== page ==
There are 1.1 million children taught by 75,000 teachers in 1,800 schools throughout New York City. A city that is bigger than most states in America. It was therefore incredibly humbling to learn that based on the 2015 New York State test results, our school had the highest combined average growth scores in the entire city.
Cornerstone Academy for Social Action Middle School (CASA) opened its doors in 2009, and has a track record of performing well on state exams. During the school report card era, Cornerstone never received less than a B as a grade. Prior to this year, our best year was 2012 in which Cornerstone received an A on its report card and was ranked in the top 17% of all New York City middle schools.
As Schools nationwide continue to struggle to close the so called achievement gap, we continue to perform relatively well with a student body that is 100% Black and Latino.
Quite often, when discussing the values, ideals, and results of my school, I have to clarify that we are not a charter school. We do not hold lotteries and do not have policies that allow us to discard students if those policies aren’t followed. Our students are allowed to speak freely during breakfast, lunch, and hallway transitions, as long as they speak respectfully of others and the learning environment. And lastly, our teachers are union — proud empowered members of the United Federation of Teachers.
So what does it all mean? Although I am very happy for our school community, and proud of our most recent results, I know very well these results only tell a small portion of our story. I also know that the current climate of standardized testing does more harm than good to students. First, success on standardized tests are not predictive of college and career happiness or success. In Crossing The Finish Line, written by two former college presidents, based on their review of detailed data from 68 colleges the college board and the SAT, the authors concluded that the most accurate predictor of college completion was not the standardized SAT or ACT scores, but rather, the high school GPA of students. This is a clear indicator that it is the teacher’s expertise that should be more highly regarded throughout K-12 education above an arbitrary standardized exam. Further, in his landmark book How Children Succeed, Paul Tough tells the story of KIPP’s first graduating class. Although KIPP’s inaugural class had the fifth highest math test scores in New York City in 2003, only 21 percent of the cohort — 8 students, had completed college by age 26. Despite awesome standardized test results. Something obviously was missing.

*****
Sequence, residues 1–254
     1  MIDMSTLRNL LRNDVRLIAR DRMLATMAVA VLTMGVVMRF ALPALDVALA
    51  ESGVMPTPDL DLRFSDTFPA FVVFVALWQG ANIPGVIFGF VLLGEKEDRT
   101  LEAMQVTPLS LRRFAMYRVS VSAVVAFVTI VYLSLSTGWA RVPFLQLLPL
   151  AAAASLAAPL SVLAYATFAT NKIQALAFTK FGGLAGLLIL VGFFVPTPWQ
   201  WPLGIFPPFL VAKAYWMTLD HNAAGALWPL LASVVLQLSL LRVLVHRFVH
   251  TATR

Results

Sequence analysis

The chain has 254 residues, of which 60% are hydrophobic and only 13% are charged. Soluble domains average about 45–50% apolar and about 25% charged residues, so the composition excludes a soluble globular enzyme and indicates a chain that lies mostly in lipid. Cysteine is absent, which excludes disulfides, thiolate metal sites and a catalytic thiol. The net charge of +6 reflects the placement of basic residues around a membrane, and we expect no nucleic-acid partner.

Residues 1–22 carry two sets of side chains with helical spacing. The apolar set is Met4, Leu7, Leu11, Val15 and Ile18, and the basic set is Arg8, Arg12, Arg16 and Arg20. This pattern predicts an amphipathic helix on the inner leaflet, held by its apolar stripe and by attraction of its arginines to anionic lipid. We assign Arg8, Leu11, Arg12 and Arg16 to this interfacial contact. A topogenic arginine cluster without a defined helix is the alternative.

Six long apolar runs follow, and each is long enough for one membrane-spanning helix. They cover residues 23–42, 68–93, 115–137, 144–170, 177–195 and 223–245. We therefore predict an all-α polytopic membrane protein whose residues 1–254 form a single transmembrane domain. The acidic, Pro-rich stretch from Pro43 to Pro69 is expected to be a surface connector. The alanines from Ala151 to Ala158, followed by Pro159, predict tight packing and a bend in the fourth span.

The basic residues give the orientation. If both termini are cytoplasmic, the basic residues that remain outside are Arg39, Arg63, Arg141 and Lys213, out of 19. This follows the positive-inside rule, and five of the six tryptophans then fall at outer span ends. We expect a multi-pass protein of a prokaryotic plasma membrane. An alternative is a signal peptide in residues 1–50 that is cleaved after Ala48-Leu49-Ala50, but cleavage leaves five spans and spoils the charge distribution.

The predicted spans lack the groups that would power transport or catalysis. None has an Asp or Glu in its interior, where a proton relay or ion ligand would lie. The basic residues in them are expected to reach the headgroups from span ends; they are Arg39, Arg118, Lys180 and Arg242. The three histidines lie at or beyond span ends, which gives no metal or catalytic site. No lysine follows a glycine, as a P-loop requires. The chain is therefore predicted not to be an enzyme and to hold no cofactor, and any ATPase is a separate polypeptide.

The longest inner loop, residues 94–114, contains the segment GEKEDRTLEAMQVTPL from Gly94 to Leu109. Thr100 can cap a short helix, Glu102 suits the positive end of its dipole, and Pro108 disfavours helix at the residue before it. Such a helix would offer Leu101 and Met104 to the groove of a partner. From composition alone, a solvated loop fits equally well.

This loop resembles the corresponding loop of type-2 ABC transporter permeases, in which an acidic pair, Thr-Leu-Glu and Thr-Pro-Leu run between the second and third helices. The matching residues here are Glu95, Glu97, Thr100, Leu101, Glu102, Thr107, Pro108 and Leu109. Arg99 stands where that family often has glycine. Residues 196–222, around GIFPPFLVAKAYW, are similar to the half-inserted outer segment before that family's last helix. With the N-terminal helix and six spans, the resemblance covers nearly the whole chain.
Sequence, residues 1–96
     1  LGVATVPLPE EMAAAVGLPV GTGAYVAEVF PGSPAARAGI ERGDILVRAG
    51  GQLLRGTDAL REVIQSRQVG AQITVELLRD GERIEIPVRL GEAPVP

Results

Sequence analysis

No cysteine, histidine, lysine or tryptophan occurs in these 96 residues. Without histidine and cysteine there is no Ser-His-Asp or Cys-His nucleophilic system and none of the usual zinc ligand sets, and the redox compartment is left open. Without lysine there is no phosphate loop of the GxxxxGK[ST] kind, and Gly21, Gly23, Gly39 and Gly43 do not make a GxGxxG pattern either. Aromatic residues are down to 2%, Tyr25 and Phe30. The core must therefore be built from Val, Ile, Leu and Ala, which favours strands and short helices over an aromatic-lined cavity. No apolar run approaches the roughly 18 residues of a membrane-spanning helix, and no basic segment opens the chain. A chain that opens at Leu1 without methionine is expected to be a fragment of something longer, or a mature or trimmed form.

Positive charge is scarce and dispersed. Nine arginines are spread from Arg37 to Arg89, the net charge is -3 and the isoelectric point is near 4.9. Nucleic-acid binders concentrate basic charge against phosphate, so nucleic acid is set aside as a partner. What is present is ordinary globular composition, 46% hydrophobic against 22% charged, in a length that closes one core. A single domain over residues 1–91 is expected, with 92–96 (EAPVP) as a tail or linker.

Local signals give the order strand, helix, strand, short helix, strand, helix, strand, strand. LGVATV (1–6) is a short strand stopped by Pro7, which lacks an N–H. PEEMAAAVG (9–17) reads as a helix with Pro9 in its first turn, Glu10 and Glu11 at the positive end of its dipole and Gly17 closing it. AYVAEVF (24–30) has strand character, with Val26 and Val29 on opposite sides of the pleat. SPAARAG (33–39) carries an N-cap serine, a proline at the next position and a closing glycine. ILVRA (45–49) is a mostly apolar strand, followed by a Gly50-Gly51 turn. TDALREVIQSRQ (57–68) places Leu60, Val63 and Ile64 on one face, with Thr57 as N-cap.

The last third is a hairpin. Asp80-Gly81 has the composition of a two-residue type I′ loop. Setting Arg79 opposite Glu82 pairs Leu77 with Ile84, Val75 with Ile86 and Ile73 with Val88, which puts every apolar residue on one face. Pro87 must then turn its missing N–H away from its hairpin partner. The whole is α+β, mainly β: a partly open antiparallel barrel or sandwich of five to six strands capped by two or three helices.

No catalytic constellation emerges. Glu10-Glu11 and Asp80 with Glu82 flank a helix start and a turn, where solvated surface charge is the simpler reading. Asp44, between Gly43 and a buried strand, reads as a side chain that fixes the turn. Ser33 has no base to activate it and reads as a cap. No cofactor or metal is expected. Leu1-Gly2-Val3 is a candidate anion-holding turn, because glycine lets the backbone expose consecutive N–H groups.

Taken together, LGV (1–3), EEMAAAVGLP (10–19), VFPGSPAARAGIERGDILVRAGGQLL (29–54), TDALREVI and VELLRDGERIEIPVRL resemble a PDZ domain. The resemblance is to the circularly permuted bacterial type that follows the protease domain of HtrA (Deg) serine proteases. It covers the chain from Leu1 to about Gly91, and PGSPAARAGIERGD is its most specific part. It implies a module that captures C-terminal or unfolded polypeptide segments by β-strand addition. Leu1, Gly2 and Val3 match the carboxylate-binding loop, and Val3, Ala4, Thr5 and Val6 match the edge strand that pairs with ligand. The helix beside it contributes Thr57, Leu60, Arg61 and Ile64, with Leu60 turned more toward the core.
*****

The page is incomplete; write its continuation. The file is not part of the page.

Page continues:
Numerous research, including the work of Howard Gardner and Sir Ken Robinson, show that state exams only measure a narrow view of intelligence. Because of this, it is even more damaging when schools align their curriculum and pedagogy to the narrow focus of the state exams, while simultaneously ignoring the innate curiosity of children and the 21st century skills needed to thrive in our current economy. The state exams do not measure creativity, verbal communication, real world problem solving, spatial intelligence, collaboration, initiative, or adaptability among others competencies. Only schools can do that. The intuitive brilliance of students is ignored by state exams and I would argue that it is exactly intuitive brilliance of students that is widely needed to rescue our economy and humanity from the damage of old mindsets and policies that continue to facilitate inequality and despair.
After 15 years of testing in this way, and over 25 years of Teach for America, the so called achievement gap, wage gap, and some might argue depression and anxiety have grown. It is time to have different conversations and enact new education policy. Maybe CASA can be a major part of this new conversation.
First, considering the above, the state exam is not a focus of our learning environment. Because of this, we are free to meet the individual, holistic needs of each student, while co-designing an authentic curriculum. Our curricula includes the multiple intelligences and space for additional academic supports where needed. With that, our students receive 450-600 minutes of literacy instruction per week, depending upon their needs. This instruction takes the form of large group, small group, and individualized instruction where necessary.
We anchor our literacy instruction in writing performance tasks which help us to align the reading, writing, listening, and speaking standards in a more organic and cohesive fashion. With this, we can read and have critical dialogue on any topic and our students develop stronger skills in narrative, argument, and expository writing.